To All The Cooks and Moms this Thanksgiving…to make you feel better. You’re welcome.

I can’t even say how much I admire all you grownup adults who have cooked Thanksgiving dinners. Whether you’re a mom who got up early to do whatever you do to a turkey, a grandma who painstakingly prepared a dressing (or stuffing) from an old recipe, or a college student who mysteriously knows how to turn out perfect pies and cakes, happy Thanksgiving, and happy Black Friday. I figured I’d write something for you to read while everyone else is watching the Sports Event, or Gone With the Wind on Sundance. Or maybe you’re already camped out in line for the Bass Pro Shop Gift Card Giveaway, or sitting in an airport on one of the busiest travel days of the year. Anyway, this one’s for you…

For Thanksgiving, my extended family always congregates at my parents’ house. A smoked turkey always sort of appears, my mom and aunts make dressing (stuffing—whatever), my dad concocts a brilliant dessert, and I make a less-than-brilliant gluten-free one. This year, I decided to make a flan (Mexican custard with delicious molten sugar topping), and a gluten-free chocolate pie with whipped cream, pomegranate sauce, fresh fruit, and whipped coconut cream for those in my family with food allergies. 

My mother warned me not to try and make too many things. But I ignored her. I’m a grownup adult, I thought—I’m gonna make desserts, they’re gonna taste great, and they’re gonna look great online. Then I actually got started.

First, an old standby—flan.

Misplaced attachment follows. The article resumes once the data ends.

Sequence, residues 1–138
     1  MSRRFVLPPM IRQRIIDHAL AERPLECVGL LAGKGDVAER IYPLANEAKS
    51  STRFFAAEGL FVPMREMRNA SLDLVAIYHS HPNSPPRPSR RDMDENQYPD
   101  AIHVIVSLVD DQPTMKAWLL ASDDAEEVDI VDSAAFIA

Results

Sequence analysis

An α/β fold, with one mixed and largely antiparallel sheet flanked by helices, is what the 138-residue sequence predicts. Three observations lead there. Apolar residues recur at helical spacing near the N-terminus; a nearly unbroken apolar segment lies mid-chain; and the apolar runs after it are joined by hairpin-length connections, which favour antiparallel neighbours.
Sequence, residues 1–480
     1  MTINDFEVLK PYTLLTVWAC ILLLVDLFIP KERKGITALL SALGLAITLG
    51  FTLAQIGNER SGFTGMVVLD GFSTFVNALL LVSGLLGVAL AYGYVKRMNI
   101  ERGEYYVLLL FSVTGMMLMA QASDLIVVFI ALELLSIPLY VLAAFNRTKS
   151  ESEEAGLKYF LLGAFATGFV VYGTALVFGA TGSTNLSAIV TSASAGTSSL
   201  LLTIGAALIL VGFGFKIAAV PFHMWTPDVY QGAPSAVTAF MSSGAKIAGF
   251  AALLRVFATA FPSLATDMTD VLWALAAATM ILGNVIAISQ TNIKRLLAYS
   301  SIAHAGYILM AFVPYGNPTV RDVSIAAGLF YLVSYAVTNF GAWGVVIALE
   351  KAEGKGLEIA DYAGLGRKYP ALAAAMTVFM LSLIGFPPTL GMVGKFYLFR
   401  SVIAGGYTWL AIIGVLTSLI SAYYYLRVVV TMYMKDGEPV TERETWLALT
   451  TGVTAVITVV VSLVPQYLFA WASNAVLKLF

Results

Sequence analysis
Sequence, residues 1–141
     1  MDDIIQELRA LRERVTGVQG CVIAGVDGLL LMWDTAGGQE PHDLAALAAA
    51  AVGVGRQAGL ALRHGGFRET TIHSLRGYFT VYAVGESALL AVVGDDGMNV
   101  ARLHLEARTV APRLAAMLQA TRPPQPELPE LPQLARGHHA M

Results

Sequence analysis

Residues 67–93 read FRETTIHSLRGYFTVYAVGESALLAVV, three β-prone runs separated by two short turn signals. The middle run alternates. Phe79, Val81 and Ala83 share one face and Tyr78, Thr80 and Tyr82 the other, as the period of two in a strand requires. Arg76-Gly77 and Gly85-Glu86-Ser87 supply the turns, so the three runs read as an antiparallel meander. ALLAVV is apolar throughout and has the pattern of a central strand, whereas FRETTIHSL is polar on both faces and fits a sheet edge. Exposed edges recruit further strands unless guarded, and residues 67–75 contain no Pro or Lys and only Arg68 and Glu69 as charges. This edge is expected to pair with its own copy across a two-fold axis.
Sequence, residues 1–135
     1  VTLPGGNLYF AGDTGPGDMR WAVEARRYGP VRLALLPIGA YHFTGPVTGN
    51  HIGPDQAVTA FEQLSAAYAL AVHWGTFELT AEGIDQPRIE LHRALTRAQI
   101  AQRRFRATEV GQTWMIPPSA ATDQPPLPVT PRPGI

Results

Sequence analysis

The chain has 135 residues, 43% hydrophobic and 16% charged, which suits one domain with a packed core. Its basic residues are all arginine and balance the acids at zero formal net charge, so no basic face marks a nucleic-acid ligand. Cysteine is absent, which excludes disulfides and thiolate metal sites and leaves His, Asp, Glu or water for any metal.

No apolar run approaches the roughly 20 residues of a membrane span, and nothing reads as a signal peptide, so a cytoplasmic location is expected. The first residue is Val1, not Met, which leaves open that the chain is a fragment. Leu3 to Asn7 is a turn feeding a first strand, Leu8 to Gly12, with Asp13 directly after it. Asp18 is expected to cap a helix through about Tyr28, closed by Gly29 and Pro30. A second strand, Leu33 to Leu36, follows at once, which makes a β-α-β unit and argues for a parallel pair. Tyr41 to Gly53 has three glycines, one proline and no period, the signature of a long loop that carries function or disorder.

To make flan, you need six eggs, a can of evaporated milk, and a can of condensed milk. All these things go in a blender, then the custard mix goes in a pan coated with liquid sugar. I’d braved the baking aisle, crawling under carts to get to the evaporated milk, and I knew I had everything. I assembled the ingredients, ready to caramelize the sugar and not get ANOTHER scar (long story…no, not that long. I burned my hand really bad making the flan topping when I was in high school and still have the scar. The end.) But I realized, as I prepared to blend the custard together, that I was missing something…a blender.

My food processor is too little. And I just don’t have the patience to sit there and blend things by hand. Plus, what if it came out wrong? With much moaning and groaning, I decided to skip the flan.

Thomas, always one to say stuff people already know, reminded me that my mom had warned me about trying to make too many things. I scoffed. So I didn’t have a blender. I had other stuff I could make…I was a grownup adult, after all. I had a blog and access to Pinterest. I could make another dessert—and people would be proud.

I had a recipe I’d been dying to try—Blackberry Gingerbread Waffles. Sounds good, right? Ginger, molasses, blackberries…like autumn in a batter. I figured I’d make the batter, but instead of turning it into waffles, I’d make muffins. Add some icing, done. How does Lindsay do it, my family would ask? How does she get Andrew into clothes, get herself showered, and make TWO desserts, all while working part-time?? She’s a miracle. A wonder of God’s own creation. 


Anyway, I’m convinced they knew they were supposed to be waffles, not muffins. They were baked, but they cracked and sweated and generally looked up at me with indifference. Never mind. This wouldn’t happen. 

“Just make the pie, that’s enough,” Thomas told me wearily. But I refused. I was determined to salvage the idea of two desserts. He sighed and continued watching Wallace and Gromit with Andrew.